Just over two centuries ago, Reverend Dr Robert Stirling DD (25 October 1790 – 6 June 1878), who was born at Cloag Farm, Methven, invented a simple and elegant engine that is today providing the world with an efficient solar-energy capture device, the ability to ‘effectively’ sink the pride of the US Navy and is helping to save millions of lives through its use in ultra-low temperature vaccine storing freezers. Stirling is immortalised as one of the most brilliant engineers of all time, but that was not his main occupation, he was, in fact, a minister in the Church of Scotland.
Gadget shops across the world sell models of his engines. A difference in heat is all that is required to power simple Stirling Engine models, the heat from a candle tea light, or just the steam coming from a mug of tea is sufficient.
Some fans of his amazing device even travel to Methven to see where he was born and to stay in the Cloag Farm’s holiday cottages (www.cloagfarm.co.uk). From the middle of the Main Street, Methven, a turn north opposite the post office, up College Road leads to the farm, which overlooks the village.
Stirling was in 1816, a Church of Scotland Minister of the Second Charge of Laigh Kirk, Kilmarnock; and by 1824, Minister at Galston. In this area, there were hundreds of coal mines. Robert was witness to many instances of the carnage caused by early steam engines propensity to explode. Although, steam engines were vital for coal mine operation – pumping out water from mines – they were extremely dangerous and were responsible for the deaths of hundreds of miners.
Stirling remembered seeing his mother making jam and came up with the idea of making an engine that was safer. When hot jam is placed in a jar, Robert noticed that the cloth cover rose as the heated air at the top expanded. This gave him the inspiration to develop the concept of heating the air in a sealed cylinder from an external source. His invention has been described as a type of external-combustion engine. His hope was that he would eliminate the need to have any combustible source or pressure boiler within coal mines.
The Stirling Engine works by converting energy made by the expansion of a fixed amount of air or other gas within a closed (sealed) system. A difference in temperature of the air at both ends is all it requires to work. When the air is expanded by heat applied at one end, it pushes up a displacer piston in the cylinder, changing the internal volume of the air. When it reaches the top, where it is cooler, compression and de-expansion of the air makes the piston return. The top of the piston is connected via a linkage to transfer the power and drive say a flywheel, a pump or other workshop machinery. Amazingly the source of power can be either hot or cold. By applying cold to the end of the cylinder, with say ice cubes, the engine can be made to run in the opposite direction.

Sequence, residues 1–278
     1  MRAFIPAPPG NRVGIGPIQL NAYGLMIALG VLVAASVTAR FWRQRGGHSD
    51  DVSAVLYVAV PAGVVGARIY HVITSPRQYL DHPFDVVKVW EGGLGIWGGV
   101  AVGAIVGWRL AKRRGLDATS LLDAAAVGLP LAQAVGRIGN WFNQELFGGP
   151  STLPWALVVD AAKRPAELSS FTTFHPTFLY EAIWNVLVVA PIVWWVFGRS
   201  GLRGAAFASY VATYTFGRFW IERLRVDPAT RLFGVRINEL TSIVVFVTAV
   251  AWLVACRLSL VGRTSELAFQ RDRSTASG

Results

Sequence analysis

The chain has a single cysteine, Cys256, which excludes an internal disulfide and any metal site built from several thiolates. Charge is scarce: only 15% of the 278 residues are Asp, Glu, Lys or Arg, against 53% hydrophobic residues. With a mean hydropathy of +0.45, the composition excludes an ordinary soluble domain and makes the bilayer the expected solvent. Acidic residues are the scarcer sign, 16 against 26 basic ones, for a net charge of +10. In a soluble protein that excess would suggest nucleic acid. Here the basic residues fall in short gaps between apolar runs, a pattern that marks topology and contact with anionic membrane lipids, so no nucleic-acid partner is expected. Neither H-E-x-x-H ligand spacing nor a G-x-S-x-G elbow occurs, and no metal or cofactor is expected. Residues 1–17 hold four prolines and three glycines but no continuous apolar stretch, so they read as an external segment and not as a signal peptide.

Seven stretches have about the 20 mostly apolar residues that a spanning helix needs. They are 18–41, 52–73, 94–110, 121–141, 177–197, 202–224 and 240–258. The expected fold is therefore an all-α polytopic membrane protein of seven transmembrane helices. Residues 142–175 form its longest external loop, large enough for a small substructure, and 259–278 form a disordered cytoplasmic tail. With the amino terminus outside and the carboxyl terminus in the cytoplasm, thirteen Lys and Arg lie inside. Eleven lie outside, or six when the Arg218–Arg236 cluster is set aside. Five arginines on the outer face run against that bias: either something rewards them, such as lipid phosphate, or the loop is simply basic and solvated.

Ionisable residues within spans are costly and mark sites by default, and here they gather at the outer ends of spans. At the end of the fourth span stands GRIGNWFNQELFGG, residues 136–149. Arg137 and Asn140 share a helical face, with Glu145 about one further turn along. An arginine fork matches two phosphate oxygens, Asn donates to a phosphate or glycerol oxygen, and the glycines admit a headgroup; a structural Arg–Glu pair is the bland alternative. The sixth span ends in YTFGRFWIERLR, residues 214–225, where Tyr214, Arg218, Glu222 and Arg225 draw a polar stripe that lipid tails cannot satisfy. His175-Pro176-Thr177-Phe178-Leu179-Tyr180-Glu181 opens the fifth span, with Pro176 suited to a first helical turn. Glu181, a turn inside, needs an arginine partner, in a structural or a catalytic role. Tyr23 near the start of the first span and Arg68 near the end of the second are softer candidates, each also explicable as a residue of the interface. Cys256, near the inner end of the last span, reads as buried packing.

There are also many variations of the Stirling Engine, which are even more complex. The engine has many assets: a lack of a combustion chamber, the lack of internal heat generation and exhaust output, the ability to be driven by a clean external power source, the lack of a need to cool its cylinders as with gasoline engines, and little noise generation. The first practical 2 hp Stirling Engine was used to pump water from a quarry in Ayrshire in 1818.
Not only was Robert Stirling a world-renowned engineer, but his brother James was just as remarkable an engineer. The brothers learned their skills from their father, Michael, who was born on 18 February 1708, at Glassingall, Dunblane. He was a renowned manufacturer and inventor of a rotary threshing machine (1756-8). In addition, their descendants, Patrick, James and Matthew Stirling became legends in the railway industry throughout the world during the 1800s. The railway engine GNR 4-2-2 No. 1 (Stirling Single) by Patrick Stirling is now part of the National Collection at The National Railway Museum, York.
Subsequent development by Robert and his brother James, successfully increased power output of the Stirling Engine, enough, for example, to drive for three years all the machinery at the Dundee Iron Foundry where James worked as an engineer and manager. James Stirling (20 July 1800-1876) was also born at Cloag Farm. The Dundee Iron Foundry assisted by James Stirling built the 146,000-gallon cast-iron cistern dome water tank, engine, pump, and ball and socket pipes, for Perth’s Waterworks (established in 1832 at the corner of Marshall Place and Tay Street (today the Fergusson Gallery)). The building was designed, and the work superintended by then Rector of Perth Academy, Dr Adam Anderson.